“One thing would be country eligibility requirement. They vary from country to country, but some countries are pretty restrictive on age, health [and] criminal background. Some countries have very strict guidelines. Mental health issues are viewed very differently in other countries, and so a minor mental health issue that’s controlled by medication could prevent a family from adopting a child in certain countries,” she explained.
To understand these restrictions, working with an agency — like the Barker Foundation — can help, she says. The group has adoption programs in South Korea, Colombia, India and China. Ji noted that China is a popular option — in 2013, 2,306 Chinese children were adopted by U.S. citizens — because it has created an effective centralized mechanism to process adoptions.
“Overall, because you work with this entity in China … they are, in general, pretty responsive and they have standardized processes. They’re more predictable than other countries,” she said.
Ji also said that prospective parents have to be realistic about the children who may be available to them in a given country and through a given program; many tend to offer older children with some physical or psychological issues.
“If they’re not going to consider any developmental delays, or they’re not going to consider an abandoned child with no medical history, then we will say that this program will not work for you,” she said. “In China, for example, the majority of the children were abandoned. There’s no medical history. Pretty much all the children we’re looking at, you have to expect some developmental delays. They’re not kids that come from ideal situations.”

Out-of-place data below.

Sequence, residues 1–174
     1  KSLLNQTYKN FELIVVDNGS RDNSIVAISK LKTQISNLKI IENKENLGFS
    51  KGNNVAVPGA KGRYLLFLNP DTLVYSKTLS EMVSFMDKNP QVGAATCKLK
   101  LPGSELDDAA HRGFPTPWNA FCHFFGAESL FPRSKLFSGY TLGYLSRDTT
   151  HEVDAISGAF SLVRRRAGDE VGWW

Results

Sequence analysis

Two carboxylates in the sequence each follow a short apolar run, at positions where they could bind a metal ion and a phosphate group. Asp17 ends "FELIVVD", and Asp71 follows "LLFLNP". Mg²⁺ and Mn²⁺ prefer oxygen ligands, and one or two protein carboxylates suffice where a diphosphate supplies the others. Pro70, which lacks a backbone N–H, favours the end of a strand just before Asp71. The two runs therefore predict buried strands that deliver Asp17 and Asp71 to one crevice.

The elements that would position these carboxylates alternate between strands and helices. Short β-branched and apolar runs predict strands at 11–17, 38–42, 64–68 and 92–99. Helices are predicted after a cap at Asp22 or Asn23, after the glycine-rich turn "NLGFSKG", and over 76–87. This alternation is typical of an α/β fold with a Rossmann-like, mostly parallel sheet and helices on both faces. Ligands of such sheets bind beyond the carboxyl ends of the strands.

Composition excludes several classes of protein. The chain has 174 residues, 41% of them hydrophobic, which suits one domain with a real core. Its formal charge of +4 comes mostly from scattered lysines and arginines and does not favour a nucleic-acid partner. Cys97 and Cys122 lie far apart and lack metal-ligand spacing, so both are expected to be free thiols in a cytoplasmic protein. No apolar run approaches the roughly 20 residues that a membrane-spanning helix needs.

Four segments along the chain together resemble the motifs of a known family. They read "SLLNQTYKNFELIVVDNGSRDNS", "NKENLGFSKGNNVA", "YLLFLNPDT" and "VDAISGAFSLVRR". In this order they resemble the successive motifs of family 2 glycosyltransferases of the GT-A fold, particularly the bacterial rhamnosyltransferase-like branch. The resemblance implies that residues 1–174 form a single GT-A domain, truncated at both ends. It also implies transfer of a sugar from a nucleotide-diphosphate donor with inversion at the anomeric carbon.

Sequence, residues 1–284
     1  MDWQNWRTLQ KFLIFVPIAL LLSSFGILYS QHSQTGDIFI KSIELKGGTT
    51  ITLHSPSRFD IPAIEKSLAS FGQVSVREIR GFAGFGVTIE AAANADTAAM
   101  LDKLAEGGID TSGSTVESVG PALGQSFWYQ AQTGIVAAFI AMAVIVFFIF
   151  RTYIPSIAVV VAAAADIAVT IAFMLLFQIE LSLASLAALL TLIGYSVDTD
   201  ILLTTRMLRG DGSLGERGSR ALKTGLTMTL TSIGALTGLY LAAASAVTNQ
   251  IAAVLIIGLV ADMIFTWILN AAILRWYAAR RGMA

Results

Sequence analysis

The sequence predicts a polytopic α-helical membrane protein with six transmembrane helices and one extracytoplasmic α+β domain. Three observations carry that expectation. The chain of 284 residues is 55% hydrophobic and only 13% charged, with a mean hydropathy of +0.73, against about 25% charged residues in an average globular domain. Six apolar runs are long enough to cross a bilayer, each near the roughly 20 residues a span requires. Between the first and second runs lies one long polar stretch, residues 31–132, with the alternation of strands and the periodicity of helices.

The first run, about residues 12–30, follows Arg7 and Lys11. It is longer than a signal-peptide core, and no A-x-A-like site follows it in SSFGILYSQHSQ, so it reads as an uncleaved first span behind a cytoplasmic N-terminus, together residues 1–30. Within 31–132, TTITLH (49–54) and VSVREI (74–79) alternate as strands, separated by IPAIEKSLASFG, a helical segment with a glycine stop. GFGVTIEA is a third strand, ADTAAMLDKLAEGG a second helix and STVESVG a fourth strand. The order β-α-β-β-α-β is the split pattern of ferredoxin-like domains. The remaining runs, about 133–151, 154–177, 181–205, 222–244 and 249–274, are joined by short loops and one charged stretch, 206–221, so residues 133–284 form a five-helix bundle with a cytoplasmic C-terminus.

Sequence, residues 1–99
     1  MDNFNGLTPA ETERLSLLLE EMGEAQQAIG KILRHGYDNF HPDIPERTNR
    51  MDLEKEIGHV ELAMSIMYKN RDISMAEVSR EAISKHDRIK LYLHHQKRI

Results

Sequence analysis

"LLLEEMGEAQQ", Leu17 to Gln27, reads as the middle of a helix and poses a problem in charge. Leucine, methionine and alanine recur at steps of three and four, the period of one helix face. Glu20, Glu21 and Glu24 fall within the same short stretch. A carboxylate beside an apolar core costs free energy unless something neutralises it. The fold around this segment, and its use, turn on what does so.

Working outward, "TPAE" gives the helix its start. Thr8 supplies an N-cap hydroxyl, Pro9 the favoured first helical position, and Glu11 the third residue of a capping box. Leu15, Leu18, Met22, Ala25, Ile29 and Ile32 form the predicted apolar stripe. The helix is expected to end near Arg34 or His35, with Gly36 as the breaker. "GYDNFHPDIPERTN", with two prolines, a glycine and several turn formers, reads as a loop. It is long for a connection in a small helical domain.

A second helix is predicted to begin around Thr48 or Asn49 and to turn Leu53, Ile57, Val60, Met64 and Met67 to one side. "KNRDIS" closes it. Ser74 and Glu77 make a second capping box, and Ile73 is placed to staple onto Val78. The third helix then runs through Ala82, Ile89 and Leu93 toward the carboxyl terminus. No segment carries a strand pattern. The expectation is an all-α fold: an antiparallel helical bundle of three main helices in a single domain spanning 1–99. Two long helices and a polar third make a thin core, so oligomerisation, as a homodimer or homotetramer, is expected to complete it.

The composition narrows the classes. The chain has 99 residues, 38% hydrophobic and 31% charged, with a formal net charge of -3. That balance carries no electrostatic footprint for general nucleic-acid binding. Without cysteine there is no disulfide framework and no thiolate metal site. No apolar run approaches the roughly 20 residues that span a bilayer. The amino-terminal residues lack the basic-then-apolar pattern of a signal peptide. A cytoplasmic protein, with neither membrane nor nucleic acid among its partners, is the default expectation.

That raises another challenge she often warns parents of: the time it can take to complete an adoption. In China, she says, the wait for a young, healthy child is currently eight years. For other children, the wait is shorter: According to the State Department, the average completion time in 2013 for adoptions from China was 257 days. In Costa Rica, it was 560 days, in India it was 616 days.
“It’s also pretty expensive to adopt internationally. That’s a consideration,” Ji said. South Korea requires two trips by adoptive parents, while Colombia requires a six-week stay.
Finally, as Russia demonstrated, Ji said she often tells parents that politics may infringe on good policy. “We say that all the time. That would be one of the risks for any family to consider going into an adoption.”
Given all the considerations and challenges, Maskew says her office seeks to serve as a clearinghouse of information for prospective parents.
“It’s difficult for adoptive families to make sure that they know exactly how the process works, so we try to help that by providing as much information as we can that says this is what the process is in this country,” she told us.
Maskew also says the State Department is consistently working to ensure that U.S. citizens can provide homes for children from foreign countries.
“We believe that adoption should be an option for children when they can’t find permanency in their countries of birth. It’s a priority for the department,” she said. “We work tirelessly though diplomatic efforts to encourage the availability of intercountry adoptions as an option for children when they can’t find homes in their countries.”
About the Author
Martin Austermuhle (@maustermuhle) is a contributing writer for The Washington Diplomat.